Wings won't engage in Bruins' tactics
DETROIT -- Ultimately, there was no fight between Brendan Smith and Zdeno Chara when they momentarily went toe-to-toe near the end of the first period in Boston in Game 2 of their Stanley Cup playoff quarterfinals on Sunday. For the Red Wings, and especially Smith, that's probably a good thing.
During the intermission that followed, Red Wings coach Mike Babcock gave Smith a quick reminder not to get sucked into playing the post-whistle game.
"There's no point of it," Smith said following Monday's optional practice in Detroit. "It makes sense, if you think about it, that's what they feed off of. ... We haven't done that all year. We're skilled. You know what gets us going? A great play. A great keep-in at the blue line and a goal. That's what gets our team going."
While Babcock's intermission conversation with Smith was brief, his analogy of the situation was lengthier. After practice on Monday, Babcock explained why he applauded Smith's decision not to drop the gloves -- despite Chara laughing at him during the exchange -- and encouraged Smith to stay disciplined as this series heats up. As far as coaching analogies go, this one is tough to top.
"I don't know why he'd go toe-to-toe with him," Babcock said. "I guess the way I look at it is, if you're a really good speaker, you should find employment speaking. If you're a really good fighter, you should find employment fighting. You walk into the bar and there's this beautiful young gal, standing next to this 6-foot-5 monster, who you know makes his living fighting for a living and you're the best pool player in the bar. Are you going to play pool? Or are you going to fight? Figure it out, seems simple to me.
"One guy is 6-foot-9, one guy is not. What would be the good decision? I guess what I'm saying is, you should do what you do well. Play pool."
With the series shifting back to Detroit for Game 3 on Tuesday, the Red Wings have made it a priority not to get too caught up in post-whistle activities, which is hard to do considering how experienced guys such as Brad Marchand and Milan Lucic are getting opponents off their game. Both Smith and Babcock hoped that they might get an assist with a more tightly called game from the referees.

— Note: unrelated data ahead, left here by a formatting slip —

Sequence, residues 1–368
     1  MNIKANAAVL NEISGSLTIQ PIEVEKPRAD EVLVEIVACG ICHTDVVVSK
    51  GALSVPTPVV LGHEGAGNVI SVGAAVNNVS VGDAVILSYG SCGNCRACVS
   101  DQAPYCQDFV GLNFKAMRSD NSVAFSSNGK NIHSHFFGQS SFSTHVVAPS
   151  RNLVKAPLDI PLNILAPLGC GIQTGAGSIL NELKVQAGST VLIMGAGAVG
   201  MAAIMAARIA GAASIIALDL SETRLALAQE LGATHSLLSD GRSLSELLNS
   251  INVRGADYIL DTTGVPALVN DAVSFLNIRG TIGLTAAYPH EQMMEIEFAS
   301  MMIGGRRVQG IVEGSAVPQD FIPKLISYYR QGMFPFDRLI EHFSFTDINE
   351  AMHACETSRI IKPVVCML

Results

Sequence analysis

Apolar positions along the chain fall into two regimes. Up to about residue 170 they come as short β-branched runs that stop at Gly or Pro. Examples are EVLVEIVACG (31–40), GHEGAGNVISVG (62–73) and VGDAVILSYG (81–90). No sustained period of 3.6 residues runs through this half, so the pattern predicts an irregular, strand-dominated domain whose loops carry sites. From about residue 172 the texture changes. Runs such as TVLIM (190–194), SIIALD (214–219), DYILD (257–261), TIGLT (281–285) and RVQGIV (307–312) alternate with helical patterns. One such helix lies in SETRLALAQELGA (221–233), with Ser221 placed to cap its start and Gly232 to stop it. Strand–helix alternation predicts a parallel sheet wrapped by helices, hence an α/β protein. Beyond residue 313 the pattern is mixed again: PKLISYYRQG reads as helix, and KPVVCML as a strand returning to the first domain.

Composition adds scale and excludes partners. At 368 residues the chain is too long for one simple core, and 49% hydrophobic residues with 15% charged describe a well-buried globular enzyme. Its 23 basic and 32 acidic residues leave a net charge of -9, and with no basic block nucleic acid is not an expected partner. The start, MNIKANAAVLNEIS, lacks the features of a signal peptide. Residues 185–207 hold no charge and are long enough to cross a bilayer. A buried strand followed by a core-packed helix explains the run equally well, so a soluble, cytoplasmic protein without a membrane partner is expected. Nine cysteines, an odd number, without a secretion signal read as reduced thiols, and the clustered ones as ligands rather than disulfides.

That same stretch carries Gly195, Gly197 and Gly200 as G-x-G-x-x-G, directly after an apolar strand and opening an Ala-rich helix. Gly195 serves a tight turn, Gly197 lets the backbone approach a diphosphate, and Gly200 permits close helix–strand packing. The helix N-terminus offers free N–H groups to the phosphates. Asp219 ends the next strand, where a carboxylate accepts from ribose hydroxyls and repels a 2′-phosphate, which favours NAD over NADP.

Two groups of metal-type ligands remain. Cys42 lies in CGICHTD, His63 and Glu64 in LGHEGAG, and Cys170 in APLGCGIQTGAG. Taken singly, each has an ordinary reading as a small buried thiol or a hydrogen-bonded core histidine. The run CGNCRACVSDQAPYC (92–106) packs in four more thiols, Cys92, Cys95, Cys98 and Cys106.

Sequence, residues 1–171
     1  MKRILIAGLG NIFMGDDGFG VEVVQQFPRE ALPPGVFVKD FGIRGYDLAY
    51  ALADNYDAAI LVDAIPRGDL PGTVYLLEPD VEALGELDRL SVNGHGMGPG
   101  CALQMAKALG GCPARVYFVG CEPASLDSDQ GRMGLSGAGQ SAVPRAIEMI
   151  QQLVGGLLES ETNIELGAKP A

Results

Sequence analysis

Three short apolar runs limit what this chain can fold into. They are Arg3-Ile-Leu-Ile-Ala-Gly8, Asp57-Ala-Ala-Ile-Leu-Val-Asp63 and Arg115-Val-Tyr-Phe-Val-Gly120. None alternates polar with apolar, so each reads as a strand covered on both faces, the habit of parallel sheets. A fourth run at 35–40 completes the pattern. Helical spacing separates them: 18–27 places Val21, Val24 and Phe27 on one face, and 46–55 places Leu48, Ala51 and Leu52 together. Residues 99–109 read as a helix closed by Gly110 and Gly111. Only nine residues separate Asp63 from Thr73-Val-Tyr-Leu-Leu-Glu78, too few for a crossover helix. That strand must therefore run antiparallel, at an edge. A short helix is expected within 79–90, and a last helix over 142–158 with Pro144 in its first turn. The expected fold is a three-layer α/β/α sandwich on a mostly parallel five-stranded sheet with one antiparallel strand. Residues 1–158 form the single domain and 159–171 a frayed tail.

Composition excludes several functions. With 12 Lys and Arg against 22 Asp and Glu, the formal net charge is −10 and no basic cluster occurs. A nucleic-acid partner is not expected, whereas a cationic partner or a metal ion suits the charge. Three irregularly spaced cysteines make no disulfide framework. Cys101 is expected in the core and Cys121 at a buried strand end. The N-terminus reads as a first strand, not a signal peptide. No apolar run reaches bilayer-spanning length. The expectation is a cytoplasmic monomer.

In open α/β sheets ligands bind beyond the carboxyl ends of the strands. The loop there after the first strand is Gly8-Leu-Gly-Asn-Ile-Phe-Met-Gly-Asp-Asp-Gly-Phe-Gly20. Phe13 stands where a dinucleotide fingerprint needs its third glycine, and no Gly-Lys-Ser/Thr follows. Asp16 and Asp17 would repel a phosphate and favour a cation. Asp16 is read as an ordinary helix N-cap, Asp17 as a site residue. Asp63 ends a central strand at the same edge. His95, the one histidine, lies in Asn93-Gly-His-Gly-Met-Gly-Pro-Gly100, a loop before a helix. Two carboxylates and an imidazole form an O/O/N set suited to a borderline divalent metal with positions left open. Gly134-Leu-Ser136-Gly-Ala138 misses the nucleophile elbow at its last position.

"We would like the refs to take a little bit more control of that, and they might," Smith said. "Maybe that was the first test and you don't know what it's like. That's something we'll see what happens."
Said Babcock: "I assume they're not letting you run people on icings anymore. I figure they've probably got that figured out after [Sunday]. Little things like that, I assume those things will get cleaned up."
After beating the Bruins in Game 1 to steal home-ice advantage from the Presidents' Trophy winners, Babcock didn't like how his team responded in Game 2. He singled out the poor breakouts on the power play and forechecking on the penalty kill along with Detroit's inability to play with speed as issues he sees need fixing. Credit the Bruins for shaping the game into a style more suitable to the way they want to play, while getting the Red Wings distracted with physical altercations.
"We want to play between the whistles and be very disciplined. We'll protect ourselves at the moment. Once it gets to be too long, punches thrown, we've got to get out of there," Smith said. "We're looking to win the series. That's the biggest objective. Winning a fight with someone or the battle means nothing."
2014 STANLEY CUP PLAYOFFS
Sixteen teams began the quest for Lord Stanley's Cup, only two remain: